Viral-vectored gene therapy is the most clinically well developed of the platforms for in vivo gene therapy and has proved efficacious in the treatment of genetic diseases of the eye and liver132,133. Several viral platforms (including adenoviral, AAV and lentiviral vectors) can transduce HSCs in vivo at varying levels of efficacy16,134,135. Adenoviral vectors have been used to successfully transduce HSCs in vivo and provide phenotypic improvement of disease in mouse models of sickle cell disease16. AAV vectors have also been shown to be capable of gene correction in vivo at curative rates in mouse HSCs (5–40% of HSCs being corrected)134.

In contrast to viral vectors, which often reside within cells long term and use potentially oncogenic promoters to drive transgene expression, the use of nanoparticles to deliver gene-editing reagents to HSCs as mRNA or protein is an attractive alternative because the transient expression of these reagents reduces the risk of oncogenesis. For example, lipid nanoparticles containing mRNA or protein have proven highly effective for gene editing of liver cells in vivo both in animal studies and in human clinical trials, and recent preclinical data suggest that human HSCs can also be targeted by nanoparticles in vivo, at least within immunodeficient NSG mice (NOD-scid Il2rgnull mice)17,136. In addition, several groups have also been working on delivery of the CRISPR–Cas9 system in vivo as a ribonucleoprotein by adding multiple nuclear localization sequences to the Cas9 protein or through the use of cell-penetrating peptides137,138.

However, the successful implementation of in vivo gene therapy is complicated by the potential for innate and adaptive immune responses against gene-therapy reagents (see earlier discussion of these issues). For example, adenoviral vectors and AAV vectors have previously led to the deaths of patients in clinical trials owing to systemic innate inflammatory responses and innate immune toxicity, respectively139,140. In addition, as described above, the delivery of gene-editing reagents in vivo can lead to undesired adaptive immune responses against gene-therapy reagents (such as neutralizing antibodies or T cell-mediated toxicity of transduced cells), which can negate any therapeutic effect44,46 (Fig. 4). Notably, this problem persists even for nanoparticle-based vectors. For example, in a macaque monkey model, the use of base editors in the liver was shown not to improve gene-editing efficiency upon re-dosing, despite their transient delivery as mRNA using lipid nanoparticles, presumably owing to the development of antigen-specific T cells following the primary dose and clearance of transduced cells by these T cells following the second dose141. These investigations into viral and nanoparticle-based genetic engineering platforms highlight the challenge that the adaptive immune system poses to the delivery of gene-editing reagents in vivo.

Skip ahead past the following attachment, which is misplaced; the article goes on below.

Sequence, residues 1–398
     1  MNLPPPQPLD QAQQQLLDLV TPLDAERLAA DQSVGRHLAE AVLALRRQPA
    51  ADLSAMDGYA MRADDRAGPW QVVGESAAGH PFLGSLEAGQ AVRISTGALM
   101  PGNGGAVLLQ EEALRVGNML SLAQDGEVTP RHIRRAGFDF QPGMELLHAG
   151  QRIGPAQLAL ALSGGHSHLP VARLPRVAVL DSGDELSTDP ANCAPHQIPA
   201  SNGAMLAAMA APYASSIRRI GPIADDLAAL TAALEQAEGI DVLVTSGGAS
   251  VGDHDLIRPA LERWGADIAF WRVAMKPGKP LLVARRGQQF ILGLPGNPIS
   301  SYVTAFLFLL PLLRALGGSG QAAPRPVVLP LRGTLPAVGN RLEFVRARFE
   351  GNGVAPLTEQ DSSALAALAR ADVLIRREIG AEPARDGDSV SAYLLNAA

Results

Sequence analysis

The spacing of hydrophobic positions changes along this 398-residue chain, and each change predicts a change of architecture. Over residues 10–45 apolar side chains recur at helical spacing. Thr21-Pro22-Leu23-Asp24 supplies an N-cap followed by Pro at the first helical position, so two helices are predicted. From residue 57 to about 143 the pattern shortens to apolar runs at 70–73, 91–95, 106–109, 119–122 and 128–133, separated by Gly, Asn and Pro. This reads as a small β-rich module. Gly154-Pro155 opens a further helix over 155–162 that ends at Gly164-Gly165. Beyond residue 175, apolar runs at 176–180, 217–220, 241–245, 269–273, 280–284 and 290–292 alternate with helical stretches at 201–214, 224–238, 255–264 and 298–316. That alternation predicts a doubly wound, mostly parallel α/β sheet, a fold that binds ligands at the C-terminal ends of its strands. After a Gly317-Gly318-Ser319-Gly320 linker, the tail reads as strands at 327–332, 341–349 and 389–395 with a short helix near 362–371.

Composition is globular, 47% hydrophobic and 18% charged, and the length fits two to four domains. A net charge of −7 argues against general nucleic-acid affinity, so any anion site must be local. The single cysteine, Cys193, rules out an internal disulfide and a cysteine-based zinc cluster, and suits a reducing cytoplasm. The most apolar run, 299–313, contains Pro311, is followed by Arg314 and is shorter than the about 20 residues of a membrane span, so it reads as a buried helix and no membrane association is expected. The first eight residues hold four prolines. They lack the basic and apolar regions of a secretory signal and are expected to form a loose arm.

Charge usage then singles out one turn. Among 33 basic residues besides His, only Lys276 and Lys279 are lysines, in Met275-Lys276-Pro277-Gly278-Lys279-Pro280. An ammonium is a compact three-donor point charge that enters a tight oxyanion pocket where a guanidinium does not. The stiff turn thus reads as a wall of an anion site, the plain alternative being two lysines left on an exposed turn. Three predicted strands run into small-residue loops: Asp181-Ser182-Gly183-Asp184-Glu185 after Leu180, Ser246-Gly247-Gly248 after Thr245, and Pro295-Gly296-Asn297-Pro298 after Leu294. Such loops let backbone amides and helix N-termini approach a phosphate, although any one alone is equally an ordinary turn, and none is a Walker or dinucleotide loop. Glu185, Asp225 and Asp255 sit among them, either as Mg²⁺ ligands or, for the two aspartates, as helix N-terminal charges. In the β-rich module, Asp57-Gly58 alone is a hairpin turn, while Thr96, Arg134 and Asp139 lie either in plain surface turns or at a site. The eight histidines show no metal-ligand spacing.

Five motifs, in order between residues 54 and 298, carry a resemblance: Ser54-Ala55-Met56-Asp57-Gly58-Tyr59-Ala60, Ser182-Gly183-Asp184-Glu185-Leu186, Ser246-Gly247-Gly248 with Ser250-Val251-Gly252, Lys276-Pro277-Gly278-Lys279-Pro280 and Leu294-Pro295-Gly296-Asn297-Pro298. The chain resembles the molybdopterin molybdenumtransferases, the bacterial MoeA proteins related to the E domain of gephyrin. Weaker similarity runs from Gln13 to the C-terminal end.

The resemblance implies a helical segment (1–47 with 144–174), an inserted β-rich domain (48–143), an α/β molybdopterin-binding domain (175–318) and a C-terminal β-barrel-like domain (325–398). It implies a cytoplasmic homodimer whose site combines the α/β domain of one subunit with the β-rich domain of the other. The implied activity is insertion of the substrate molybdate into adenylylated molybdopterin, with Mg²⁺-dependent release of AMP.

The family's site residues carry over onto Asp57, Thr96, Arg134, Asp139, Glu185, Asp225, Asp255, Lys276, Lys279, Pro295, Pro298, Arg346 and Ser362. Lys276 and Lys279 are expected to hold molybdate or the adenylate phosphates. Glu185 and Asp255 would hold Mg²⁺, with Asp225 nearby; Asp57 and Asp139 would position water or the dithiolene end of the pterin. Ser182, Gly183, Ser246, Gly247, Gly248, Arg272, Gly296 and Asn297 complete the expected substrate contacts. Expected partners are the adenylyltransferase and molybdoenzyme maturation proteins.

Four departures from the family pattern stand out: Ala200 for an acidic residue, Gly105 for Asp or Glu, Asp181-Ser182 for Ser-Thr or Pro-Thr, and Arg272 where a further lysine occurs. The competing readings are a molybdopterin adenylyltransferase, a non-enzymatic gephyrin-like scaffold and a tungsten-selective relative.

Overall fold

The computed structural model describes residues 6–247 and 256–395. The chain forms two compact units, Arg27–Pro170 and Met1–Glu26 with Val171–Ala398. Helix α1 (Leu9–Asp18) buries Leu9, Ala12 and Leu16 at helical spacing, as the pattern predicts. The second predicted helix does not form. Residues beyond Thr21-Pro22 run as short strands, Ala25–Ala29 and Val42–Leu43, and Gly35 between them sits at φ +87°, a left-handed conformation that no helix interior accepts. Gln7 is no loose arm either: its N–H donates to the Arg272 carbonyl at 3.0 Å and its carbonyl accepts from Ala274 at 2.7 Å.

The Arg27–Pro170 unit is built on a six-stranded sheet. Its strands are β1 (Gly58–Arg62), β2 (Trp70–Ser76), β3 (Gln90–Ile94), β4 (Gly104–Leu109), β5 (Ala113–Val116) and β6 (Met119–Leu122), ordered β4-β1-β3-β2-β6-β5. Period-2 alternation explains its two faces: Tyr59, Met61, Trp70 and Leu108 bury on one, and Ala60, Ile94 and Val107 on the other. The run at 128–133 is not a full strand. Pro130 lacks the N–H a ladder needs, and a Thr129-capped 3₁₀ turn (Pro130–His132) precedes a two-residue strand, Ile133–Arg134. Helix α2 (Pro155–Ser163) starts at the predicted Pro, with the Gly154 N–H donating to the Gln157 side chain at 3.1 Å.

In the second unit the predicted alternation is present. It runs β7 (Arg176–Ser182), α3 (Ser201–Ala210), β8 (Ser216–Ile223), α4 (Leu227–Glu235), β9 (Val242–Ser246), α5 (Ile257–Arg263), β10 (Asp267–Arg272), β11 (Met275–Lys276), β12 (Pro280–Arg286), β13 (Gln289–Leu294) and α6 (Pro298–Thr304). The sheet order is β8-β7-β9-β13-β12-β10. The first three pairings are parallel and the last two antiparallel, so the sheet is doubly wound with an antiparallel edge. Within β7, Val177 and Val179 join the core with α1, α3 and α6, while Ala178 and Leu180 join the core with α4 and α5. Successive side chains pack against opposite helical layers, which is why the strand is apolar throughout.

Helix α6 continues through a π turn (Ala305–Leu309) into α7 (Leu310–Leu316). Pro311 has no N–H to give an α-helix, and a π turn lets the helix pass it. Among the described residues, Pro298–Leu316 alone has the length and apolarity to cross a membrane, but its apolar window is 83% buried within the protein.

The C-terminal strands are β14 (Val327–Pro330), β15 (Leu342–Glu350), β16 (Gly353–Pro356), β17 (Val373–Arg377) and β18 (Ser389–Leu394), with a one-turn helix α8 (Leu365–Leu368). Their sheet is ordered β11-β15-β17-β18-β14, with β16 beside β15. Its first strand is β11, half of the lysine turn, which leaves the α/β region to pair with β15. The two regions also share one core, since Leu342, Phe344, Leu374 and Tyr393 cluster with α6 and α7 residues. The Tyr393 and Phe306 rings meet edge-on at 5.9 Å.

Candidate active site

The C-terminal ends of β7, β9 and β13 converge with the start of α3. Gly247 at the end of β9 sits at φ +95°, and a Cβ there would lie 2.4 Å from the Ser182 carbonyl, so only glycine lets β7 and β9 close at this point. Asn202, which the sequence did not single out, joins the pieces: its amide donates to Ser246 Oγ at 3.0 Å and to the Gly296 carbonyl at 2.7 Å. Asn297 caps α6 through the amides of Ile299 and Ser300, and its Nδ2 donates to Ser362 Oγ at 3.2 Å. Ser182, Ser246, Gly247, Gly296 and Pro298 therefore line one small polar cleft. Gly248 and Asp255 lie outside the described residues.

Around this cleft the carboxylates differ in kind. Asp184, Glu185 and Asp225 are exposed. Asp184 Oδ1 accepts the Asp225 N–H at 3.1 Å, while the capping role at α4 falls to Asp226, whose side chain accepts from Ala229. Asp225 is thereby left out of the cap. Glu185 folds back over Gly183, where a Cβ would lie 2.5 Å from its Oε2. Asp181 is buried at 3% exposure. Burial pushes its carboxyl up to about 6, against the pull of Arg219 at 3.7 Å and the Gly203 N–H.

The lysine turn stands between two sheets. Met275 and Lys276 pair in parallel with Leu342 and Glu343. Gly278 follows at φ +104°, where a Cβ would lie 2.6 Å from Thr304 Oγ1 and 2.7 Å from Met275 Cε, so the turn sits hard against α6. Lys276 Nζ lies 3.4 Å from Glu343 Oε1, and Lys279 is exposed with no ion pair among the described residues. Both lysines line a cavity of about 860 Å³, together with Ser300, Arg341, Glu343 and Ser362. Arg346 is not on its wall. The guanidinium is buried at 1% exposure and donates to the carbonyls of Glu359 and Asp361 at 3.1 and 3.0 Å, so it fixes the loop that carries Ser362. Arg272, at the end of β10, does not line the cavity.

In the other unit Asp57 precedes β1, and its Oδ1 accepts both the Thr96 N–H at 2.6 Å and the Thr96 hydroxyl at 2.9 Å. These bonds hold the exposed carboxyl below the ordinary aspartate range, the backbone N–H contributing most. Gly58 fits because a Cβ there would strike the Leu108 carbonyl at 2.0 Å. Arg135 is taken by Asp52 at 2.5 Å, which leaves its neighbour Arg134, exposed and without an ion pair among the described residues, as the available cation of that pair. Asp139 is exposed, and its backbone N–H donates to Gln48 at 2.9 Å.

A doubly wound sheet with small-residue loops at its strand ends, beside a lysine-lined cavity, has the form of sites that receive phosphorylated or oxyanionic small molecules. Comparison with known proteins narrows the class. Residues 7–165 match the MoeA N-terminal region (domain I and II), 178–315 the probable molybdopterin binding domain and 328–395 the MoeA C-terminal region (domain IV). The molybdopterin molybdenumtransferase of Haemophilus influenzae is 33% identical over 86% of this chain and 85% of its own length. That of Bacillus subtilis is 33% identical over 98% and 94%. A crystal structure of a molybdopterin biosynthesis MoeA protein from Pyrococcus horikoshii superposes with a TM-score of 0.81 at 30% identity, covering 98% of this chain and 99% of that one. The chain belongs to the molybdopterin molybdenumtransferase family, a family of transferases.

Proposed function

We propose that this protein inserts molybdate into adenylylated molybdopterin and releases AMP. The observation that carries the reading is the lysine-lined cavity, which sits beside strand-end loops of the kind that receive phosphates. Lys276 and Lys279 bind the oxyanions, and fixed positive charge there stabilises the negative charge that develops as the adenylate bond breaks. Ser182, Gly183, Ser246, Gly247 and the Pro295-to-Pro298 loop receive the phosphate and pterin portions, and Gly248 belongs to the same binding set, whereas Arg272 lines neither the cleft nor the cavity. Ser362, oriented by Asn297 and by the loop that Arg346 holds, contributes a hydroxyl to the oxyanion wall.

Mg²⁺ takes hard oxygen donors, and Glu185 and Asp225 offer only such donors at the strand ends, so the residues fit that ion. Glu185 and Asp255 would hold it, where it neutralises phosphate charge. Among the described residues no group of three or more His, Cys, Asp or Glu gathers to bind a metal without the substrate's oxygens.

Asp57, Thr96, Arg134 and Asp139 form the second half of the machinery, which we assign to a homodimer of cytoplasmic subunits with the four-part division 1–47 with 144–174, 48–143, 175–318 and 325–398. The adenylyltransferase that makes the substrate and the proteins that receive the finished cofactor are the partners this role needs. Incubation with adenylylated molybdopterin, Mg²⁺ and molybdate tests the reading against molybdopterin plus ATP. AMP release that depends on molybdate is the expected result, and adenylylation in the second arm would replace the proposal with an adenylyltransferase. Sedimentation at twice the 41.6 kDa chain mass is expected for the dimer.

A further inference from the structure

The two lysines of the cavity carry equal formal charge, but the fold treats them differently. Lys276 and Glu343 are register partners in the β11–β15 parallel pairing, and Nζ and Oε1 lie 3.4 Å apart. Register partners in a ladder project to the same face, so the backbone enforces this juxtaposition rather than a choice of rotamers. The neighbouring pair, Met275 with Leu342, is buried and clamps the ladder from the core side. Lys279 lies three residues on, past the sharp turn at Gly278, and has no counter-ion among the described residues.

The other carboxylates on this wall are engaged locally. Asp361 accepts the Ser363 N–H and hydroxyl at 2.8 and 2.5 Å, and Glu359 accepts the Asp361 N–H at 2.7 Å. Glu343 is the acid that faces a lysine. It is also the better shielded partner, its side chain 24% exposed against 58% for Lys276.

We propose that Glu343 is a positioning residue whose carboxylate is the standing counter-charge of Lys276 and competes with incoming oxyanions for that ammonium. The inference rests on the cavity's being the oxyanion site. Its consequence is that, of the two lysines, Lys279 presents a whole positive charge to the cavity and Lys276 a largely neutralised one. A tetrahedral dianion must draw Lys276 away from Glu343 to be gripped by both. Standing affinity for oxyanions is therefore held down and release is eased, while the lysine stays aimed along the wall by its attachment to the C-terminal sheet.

Furthermore, whereas ex vivo gene therapy allows for specific targeting of HSCs through their isolation from the rest of the body, delivery of genetic engineering reagents to HSCs in vivo introduces the risk of undesirable off-target tissue transduction. This off-target transduction can increase the risk of potential complications from innate immune toxicity and could lead to undesired genetic modifications of off-target cells that may be detrimental to patient health. In addition, off-target gene expression has been shown to impact the risk of adaptive immune responses against gene-therapy reagents and transgenes, as different tissues vary in their inflammatory environment. For example, successful long-term transgene expression in the liver from lentiviral vectors delivered in vivo has required the use of cell type-specific promoters and microRNAs to restrict gene expression to on-target tissues142. These were required to prevent undesired adaptive immune responses against the introduced transgene and resulting elimination of transduced cells by antigen-specific T cells.